Please foo that bar and then post the results. If you see this and that, this means you need to change these settings there and restart. If on the other hand they show that blah blah, the error is caused by magic unicorns et cetera.

  • Of course, I agree that if there are concrete suggestions as to what must be done next and not just an offer of help, the answer makes sense to future users as well. Which is where I felt these "answers" fell short.
    – Karan
    Commented Jan 2, 2013 at 16:12
  • "That being said, if there's a repeated pattern... we'll probably let them know through other means that this is not acceptable" - So what's the final verdict here? Are you (the mods) gonna handle this or do we go through and flag each one that fits the bill as "Not an answer"?
    – Karan
    Commented Jan 2, 2013 at 16:13
  • Well, let's act on individual cases. I didn't check all the answers of the user you mentioned in the question because I didn't have the time to. Note that some of these "answers" simply might not fit a comment format (too much text, too much code), so it's a tough call on deleting those.
    – slhck
    Commented Jan 2, 2013 at 18:33
  • All right, of the ones that have not been deleted since yesterday I flagged one and left a comment on another since it was borderline (like you said, included some code but that was only to generate a dump/etl file, which he wanted to take a look at).
    – Karan
    Commented Jan 2, 2013 at 18:48
  • @slhck What if the poster's rep wasn't high enough to allow them to post a comment?
    – Kruug
    Commented Jan 4, 2013 at 19:16
  • 2
    @Kruug Well, the poster should then focus on answering questions that can be answered without the need for further details. Once they gain enough reputation, they can then post comments wherever they like. We can't offer a "migrate-to-comment" service for users who repeatedly post non-answers and hope we'll migrate it as a comment for them.
    – slhck
    Commented Jan 4, 2013 at 19:26
  • An answer might say "Please, if you see this answer, flag it. If you can migrate it to a comment, do it. I don't have enough rep to comment yet." There is an 600-character limit on comments though, and not full Markdown format is supported. Also, problems with the voting system might arrise, i.e. votes = upvotes - downvotes. But what about neutral votes? So, a better formula would be votes = upvotes - downvotes * 2, or 0. But then, again, mods can't do such a thing continuously. This ends up as commenting, which is explicitly allowed at 50 rep.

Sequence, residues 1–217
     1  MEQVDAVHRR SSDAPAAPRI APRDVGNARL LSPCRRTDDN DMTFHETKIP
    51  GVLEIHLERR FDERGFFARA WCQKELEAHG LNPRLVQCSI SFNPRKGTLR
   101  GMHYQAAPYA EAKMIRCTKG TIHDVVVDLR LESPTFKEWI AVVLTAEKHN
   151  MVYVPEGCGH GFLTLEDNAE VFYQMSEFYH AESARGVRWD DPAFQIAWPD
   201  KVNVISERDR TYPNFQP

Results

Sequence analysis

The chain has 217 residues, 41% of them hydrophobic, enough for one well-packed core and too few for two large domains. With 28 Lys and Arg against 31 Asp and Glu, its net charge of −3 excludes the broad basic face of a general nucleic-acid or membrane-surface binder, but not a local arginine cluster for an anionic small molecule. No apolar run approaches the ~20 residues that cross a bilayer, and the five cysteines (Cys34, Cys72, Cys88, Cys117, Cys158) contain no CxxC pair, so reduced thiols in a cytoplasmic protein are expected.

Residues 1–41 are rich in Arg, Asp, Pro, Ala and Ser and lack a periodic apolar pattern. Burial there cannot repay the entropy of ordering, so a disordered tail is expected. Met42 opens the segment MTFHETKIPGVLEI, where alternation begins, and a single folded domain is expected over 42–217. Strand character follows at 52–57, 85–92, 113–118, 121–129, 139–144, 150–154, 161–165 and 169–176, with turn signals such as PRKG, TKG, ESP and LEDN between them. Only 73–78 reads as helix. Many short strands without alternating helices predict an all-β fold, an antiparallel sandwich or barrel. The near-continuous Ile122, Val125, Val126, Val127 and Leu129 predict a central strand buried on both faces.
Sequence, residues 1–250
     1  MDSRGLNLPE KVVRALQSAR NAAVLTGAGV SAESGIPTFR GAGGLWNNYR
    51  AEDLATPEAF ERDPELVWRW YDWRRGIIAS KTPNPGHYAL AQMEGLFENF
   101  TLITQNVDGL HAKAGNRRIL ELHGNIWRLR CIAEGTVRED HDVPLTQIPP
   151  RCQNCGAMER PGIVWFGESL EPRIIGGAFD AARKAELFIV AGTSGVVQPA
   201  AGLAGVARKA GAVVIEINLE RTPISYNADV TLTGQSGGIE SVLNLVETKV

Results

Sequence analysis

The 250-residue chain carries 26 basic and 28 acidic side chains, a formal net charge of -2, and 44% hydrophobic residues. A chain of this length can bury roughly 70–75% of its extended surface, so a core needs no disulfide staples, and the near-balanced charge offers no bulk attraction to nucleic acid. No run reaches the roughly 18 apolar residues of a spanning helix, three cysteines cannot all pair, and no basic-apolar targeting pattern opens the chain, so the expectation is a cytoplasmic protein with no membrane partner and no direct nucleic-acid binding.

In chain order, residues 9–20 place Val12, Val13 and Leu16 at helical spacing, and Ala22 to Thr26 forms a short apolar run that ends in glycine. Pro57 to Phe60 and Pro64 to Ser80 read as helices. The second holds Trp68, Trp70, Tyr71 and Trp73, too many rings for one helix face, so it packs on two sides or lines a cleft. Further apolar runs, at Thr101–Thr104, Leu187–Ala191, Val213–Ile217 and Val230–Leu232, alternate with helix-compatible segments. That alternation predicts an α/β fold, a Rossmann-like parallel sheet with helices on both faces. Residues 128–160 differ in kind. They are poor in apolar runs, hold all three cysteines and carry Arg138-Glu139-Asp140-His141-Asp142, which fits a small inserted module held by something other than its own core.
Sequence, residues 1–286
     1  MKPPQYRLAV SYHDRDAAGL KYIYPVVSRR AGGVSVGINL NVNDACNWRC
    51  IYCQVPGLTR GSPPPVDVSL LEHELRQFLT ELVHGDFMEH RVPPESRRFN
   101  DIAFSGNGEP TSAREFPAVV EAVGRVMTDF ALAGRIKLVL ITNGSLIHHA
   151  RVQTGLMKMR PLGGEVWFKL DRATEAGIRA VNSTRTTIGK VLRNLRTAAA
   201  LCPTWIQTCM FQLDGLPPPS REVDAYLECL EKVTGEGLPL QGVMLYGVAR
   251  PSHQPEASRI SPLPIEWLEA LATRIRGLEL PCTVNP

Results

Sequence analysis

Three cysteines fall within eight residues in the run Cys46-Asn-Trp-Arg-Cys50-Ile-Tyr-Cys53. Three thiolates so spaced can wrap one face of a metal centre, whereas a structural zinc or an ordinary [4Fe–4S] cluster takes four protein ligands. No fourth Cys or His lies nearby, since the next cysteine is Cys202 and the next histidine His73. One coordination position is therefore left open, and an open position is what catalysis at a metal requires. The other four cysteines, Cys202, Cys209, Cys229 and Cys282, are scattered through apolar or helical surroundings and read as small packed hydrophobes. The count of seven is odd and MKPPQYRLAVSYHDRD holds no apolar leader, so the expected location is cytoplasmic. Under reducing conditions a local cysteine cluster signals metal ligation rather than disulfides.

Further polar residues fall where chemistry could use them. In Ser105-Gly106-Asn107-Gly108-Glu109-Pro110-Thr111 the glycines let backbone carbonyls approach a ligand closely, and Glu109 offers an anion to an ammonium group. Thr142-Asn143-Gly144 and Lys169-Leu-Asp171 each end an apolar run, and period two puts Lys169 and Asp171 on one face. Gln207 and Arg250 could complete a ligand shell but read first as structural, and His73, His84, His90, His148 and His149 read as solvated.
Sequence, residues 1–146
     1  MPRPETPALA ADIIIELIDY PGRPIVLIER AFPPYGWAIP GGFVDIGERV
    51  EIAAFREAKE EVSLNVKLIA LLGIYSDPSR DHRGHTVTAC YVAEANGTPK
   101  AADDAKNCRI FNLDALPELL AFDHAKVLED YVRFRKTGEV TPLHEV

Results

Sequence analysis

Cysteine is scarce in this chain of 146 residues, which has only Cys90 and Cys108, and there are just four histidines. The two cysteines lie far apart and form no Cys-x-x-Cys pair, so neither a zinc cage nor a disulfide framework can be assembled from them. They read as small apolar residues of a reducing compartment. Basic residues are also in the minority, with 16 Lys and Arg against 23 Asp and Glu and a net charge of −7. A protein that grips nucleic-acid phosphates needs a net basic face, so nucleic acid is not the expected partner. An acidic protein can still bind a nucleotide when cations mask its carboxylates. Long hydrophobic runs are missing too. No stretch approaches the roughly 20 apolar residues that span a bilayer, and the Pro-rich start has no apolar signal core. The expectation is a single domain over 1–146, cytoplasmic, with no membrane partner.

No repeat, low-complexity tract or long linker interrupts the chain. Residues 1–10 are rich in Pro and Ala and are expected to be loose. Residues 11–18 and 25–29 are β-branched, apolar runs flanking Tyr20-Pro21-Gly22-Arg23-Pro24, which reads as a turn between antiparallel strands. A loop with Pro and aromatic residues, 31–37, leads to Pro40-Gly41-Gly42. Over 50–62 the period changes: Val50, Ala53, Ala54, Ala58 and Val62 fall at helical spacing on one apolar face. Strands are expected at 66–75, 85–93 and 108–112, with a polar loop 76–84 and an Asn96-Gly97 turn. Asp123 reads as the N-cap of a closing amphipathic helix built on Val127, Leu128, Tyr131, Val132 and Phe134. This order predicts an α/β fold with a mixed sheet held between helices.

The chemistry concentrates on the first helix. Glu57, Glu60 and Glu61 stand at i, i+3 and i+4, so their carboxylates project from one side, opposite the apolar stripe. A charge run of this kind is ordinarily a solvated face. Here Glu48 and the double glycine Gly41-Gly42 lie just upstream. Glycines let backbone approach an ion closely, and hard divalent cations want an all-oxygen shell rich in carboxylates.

– EKons
    Commented Jul 6, 2016 at 12:04

I know I've left comments as answers before as well. Not sure of the user's rep in the original post, but I did this as I did not have the required rep to make a comment.

What I would recommend is that everyone is able to comment on a question, no matter their rep. This allows them to actually ask for more information to help them build their rep instead of waiting for another user to come along with higher rep, post the comment, and essentially steal the rep of a new user.

  • 6
    Comments don't undergo the same review process as "real" posts. This would open up the possibility for spam, and it'd allow users who know nothing about the Stack Exchange system to flood the sites (think about "Same problem!", "Help please!"). Stack Exchange is very opposed to such a change (rightfully so, IMO)
    – slhck
    Commented Jan 4, 2013 at 19:25
  • 1
    The user referenced in the OP has almost 2k rep.
    – Daniel Beck Mod
    Commented Jan 4, 2013 at 21:19
  • 2
    ". . . steal the rep of a new user." It's a laudable sentiment, but comments don't generate reputation. The reasons for the Stack Exchange policy are well-documented elsewhere. Commented Jan 4, 2013 at 21:44
  • 5
    I think what @Kruug means is that when you are a new user, you can't post comments and get additional info without posting an answer, and then an experienced user can comment, get additional info and answer, 'stealing' the potential rep you could have earned. While this is true, in my opinion, you can still post a useful answer for most (quality) questions and offer to help more if needed / provide debug steps in the very same answer if you know something about the subject. You can then edit the answer anyway.
    – tricasse
    Commented Jan 9, 2013 at 8:26
  • Comments are available to you only because you're trusted to comment. You first need to learn to answer yourself, then judge others!!!
    – EKons
    Commented Jul 6, 2016 at 12:07